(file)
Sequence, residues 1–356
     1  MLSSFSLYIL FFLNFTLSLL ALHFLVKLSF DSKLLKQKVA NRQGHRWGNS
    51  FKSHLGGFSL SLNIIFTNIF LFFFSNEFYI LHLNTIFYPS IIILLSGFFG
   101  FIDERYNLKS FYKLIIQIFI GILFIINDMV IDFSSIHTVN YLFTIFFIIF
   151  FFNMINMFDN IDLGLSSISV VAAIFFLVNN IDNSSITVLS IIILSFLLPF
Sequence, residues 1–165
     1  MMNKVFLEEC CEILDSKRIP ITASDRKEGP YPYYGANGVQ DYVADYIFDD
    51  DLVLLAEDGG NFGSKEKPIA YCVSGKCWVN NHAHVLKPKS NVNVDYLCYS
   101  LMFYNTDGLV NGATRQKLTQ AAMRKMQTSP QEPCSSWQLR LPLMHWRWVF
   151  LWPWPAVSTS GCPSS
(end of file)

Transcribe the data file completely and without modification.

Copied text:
Sequence, residues 1–356
     1  MLSSFSLYIL FFLNFTLSLL ALHFLVKLSF DSKLLKQKVA NRQGHRWGNS
    51  FKSHLGGFSL SLNIIFTNIF LFFFSNEFYI LHLNTIFYPS IIILLSGFFG
   101  FIDERYNLKS FYKLIIQIFI GILFIINDMV IDFSSIHTVN YLFTIFFIIF
   151  FFNMINMFDN IDLGLSSISV VAAIFFLVNN IDNSSITVLS IIILSFLLPF
Sequence, residues 1–165
     1  MMNKVFLEEC CEILDSKRIP ITASDRKEGP YPYYGANGVQ DYVADYIFDD
    51  DLVLLAEDGG NFGSKEKPIA YCVSGKCWVN NHAHVLKPKS NVNVDYLCYS
   101  LMFYNTDGLV NGATRQKLTQ AAMRKMQTSP QEPCSSWQLR LPLMHWRWVF
   151  LWPWPAVSTS GCPSS